Abstract

Geologists interested in analytical structural geology should be aware of the fundamental role of displacements in the analysis of deformation. In two dimensions, information on the x and y components of displacements of points from their undeformed state to their deformed state permits the two-dimensional determination of strains. The spatial derivations of the x and y displacements functions are related to the transformation constants of finite homogeneous strain and, in turn, to the state of strain.

The variation of strain at a point of the material with time can be evaluated if the values of the strain component there at infinitesimally different times are known. In turn, time derivatives of strain at a point of the material can be obtained.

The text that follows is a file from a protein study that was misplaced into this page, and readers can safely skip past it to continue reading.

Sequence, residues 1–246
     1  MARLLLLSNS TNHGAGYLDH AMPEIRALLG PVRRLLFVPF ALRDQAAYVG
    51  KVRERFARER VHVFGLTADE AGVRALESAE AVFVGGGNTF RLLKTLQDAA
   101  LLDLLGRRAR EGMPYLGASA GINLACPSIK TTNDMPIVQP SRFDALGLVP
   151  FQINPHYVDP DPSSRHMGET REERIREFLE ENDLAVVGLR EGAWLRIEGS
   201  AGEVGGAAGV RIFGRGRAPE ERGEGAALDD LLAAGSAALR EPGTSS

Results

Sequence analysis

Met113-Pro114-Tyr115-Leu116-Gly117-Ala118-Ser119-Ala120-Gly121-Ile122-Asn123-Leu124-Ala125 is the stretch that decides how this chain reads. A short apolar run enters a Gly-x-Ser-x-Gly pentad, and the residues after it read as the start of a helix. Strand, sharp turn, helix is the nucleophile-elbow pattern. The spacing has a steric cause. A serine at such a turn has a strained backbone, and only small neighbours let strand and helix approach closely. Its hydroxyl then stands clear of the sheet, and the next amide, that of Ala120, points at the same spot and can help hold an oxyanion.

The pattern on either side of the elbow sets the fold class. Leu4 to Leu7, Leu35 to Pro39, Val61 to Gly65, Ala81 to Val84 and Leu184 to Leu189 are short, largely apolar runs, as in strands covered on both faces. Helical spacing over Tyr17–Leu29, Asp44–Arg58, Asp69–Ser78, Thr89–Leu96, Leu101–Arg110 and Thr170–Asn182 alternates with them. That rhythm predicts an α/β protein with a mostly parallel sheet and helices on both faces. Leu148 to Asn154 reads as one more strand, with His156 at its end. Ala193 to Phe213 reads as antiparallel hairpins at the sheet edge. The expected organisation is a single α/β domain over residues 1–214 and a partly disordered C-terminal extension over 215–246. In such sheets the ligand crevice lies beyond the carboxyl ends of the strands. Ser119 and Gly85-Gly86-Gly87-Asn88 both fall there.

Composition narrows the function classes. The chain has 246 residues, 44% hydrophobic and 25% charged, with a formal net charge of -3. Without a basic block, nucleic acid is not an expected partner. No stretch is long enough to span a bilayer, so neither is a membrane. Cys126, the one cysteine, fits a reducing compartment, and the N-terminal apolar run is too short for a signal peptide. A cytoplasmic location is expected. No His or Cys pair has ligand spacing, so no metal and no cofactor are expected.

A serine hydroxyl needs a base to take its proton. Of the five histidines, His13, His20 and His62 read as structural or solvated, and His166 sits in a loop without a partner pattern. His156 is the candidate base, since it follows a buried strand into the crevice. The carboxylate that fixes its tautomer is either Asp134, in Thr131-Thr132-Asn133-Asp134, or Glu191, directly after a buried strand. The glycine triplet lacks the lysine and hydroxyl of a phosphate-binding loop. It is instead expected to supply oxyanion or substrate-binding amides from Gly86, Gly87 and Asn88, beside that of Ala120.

The practical problem of strain analysis based on the movements of points is to construct various valid mathematical functions (for example, the displacements function) from limited data. This article shows that geologists can graphically construct these functions and in turn make analyses of strain.

The method applies to the analysis of recent, instrument-measured deformation of the Earth, to the analysis of deformed fossils, and is applicable in principle to existent large-scale geologic structures.

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